Travar’s Michigan Answer: Helping shape the future for people with disabilities

Thousands of tiny yellow, green and red lines swirl around Travar Pettway. 

As he gently tilts his head, the shapes glide and adjust, perfectly rendered in 3-D.

He’s lost in a sea of color and movement.


20 feet away in an adjoining room, his rehab engineer and longtime friend, Donn Hilker, smiles as he watches his patient help shape the future of rehabilitation care.

“This isn’t the kid I met all those years ago lying in a hospital bed,” Donn recalls. “Travar has become something remarkable. Maybe even someone he never saw himself becoming.”

On January 14, 1995, Travar — then an 18-year-old high school senior — was struck in the neck by a bullet while driving with his cousin near his home in Detroit. The bullet missed his spine, but the subsequent shockwave caused severe damage.

Explains Travar, “I have an injury to the C1-C2 vertebrae of my spinal cord. It’s an incomplete break, meaning that my neck isn’t broken, just damaged.”

Travar has become something remarkable. Maybe even someone he never saw himself becoming.

He was quickly transported to a nearby hospital, where he received emergency treatment. Not long after, his family chose to transfer him to University of Michigan Health, Michigan Medicine, where he began to slowly realize his situation was possibly permanent.

Donn remembers that early transition.

“Travar went from a young and active guy to being completely dependent upon caregivers, a ventilator and feeding tube. He had no mobility. And besides the new physical setting of the hospital, Travar was surrounded by and dependent upon individuals very different from the where he came from. Different perspectives, different experiences. He realized he would have to trust these strangers.” 

Travar recalls having a more optimistic first impression.

“In the first three days, I was in and out of a coma. When I came around and I kind of got stable, I thought I’d be in the hospital for another week or so. I’ll get out and do a few pushups and I’d be back in regular life.”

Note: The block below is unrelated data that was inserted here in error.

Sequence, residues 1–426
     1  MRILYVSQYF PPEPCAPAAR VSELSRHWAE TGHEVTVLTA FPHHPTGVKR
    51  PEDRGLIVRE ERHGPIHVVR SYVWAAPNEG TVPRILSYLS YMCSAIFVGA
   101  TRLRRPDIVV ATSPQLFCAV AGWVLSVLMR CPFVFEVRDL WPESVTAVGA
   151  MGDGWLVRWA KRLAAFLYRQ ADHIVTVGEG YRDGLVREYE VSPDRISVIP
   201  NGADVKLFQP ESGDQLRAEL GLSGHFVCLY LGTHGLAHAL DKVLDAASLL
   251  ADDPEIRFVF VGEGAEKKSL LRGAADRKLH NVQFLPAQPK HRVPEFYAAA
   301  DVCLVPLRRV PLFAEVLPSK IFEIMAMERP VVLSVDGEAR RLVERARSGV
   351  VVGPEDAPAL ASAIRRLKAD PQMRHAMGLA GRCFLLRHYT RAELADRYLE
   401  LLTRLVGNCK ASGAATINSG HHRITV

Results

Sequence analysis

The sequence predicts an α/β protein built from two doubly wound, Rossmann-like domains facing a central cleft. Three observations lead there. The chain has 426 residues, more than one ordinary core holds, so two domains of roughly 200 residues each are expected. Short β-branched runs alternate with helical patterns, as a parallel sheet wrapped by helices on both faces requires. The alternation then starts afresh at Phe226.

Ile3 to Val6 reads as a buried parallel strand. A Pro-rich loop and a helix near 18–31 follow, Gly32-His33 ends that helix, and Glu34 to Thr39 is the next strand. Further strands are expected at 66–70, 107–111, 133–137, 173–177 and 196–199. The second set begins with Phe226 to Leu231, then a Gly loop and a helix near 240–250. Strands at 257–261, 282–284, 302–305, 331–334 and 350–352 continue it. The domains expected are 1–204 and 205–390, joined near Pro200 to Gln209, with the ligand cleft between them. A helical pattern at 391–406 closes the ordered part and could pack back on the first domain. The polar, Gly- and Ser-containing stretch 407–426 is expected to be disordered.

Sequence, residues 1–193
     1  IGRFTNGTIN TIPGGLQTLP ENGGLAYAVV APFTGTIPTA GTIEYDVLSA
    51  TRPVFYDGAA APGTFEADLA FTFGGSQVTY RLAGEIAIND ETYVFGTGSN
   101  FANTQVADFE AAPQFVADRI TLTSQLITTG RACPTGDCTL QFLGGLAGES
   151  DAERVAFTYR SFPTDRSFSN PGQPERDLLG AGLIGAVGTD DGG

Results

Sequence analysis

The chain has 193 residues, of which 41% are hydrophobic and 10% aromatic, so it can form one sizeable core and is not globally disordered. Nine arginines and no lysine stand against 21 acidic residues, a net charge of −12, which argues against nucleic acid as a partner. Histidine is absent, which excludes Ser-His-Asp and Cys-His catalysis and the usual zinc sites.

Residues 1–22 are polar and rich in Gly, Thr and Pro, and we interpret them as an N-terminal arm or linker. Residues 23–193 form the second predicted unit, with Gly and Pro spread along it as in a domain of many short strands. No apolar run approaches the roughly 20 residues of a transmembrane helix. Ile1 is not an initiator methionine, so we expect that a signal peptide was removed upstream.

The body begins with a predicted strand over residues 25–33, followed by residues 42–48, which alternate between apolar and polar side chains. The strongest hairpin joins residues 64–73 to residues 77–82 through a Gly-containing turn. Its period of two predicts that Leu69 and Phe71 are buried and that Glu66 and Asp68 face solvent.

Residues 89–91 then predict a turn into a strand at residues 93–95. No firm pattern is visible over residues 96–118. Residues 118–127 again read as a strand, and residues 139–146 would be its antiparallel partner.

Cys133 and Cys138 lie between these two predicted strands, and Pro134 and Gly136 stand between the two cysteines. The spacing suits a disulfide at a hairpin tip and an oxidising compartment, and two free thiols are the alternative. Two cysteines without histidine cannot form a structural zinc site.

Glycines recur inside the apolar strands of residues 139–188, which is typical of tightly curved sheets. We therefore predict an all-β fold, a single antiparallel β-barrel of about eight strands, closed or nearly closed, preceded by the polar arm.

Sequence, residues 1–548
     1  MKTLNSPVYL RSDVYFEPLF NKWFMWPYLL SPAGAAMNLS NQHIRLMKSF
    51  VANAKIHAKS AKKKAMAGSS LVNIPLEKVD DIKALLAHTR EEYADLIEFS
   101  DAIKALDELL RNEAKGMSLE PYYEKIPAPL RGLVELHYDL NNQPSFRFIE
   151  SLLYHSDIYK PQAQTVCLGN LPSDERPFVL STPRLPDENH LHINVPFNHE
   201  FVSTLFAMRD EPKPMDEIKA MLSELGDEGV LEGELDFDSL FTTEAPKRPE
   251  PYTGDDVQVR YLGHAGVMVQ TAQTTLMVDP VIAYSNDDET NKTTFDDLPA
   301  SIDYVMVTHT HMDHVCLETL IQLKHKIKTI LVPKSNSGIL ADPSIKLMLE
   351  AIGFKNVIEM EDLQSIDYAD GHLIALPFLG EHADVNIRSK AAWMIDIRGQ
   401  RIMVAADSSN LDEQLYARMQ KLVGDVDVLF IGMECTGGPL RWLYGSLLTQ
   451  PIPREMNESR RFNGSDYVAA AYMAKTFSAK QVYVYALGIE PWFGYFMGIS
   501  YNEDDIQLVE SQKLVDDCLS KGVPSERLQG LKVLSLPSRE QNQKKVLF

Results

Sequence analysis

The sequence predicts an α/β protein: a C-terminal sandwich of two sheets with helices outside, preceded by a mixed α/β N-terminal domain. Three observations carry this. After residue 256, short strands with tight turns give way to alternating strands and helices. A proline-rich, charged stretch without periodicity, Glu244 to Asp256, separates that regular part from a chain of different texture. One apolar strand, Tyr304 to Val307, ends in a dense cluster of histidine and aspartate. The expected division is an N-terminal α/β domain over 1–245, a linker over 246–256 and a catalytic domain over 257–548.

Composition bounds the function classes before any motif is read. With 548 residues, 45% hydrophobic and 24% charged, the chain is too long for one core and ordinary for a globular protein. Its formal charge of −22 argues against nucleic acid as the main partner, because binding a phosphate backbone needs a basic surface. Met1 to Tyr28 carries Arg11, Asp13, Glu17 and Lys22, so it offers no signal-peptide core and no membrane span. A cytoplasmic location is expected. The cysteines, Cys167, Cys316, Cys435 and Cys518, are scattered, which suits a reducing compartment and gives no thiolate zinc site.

But a one-on-one conversation with Dr. Lance Goetz, his U-M physician at that time who also has a spinal cord injury and uses a wheelchair for mobility, allowed Travar to see just how serious his situation was.

One day he casually asked Dr. Goetz, “‘So what’s the long-term plan here? Am I going to be in this chair for a while?’ Mind you, this doctor is paralyzed from the waist down. He just said, ‘Travar, I’ll never give up hope.’” 

That sobering honesty finally showed Travar the path that lay ahead.

He remembers, “I don’t think anybody else could have had that conversation with me. If someone else would have told me, ‘Hey, you’re going to be in that wheelchair forever,’ I would have said, ‘No. No, I’m going to fight this thing.’ Hearing it through him, it was just a realization that it’s a possibility it’s going to be a while, but it’s not a death sentence. You can still have a life that’s well.”

With a clearer understanding of what his life would now be like, Travar’s journey intersected with Donn.

As the Clinical Director for the University of Michigan Health Rehabilitation Engineering Program, Donn leads a team who meets with patients like Travar to use engineering and technology to increase the functional capabilities and quality of life of individuals with disability.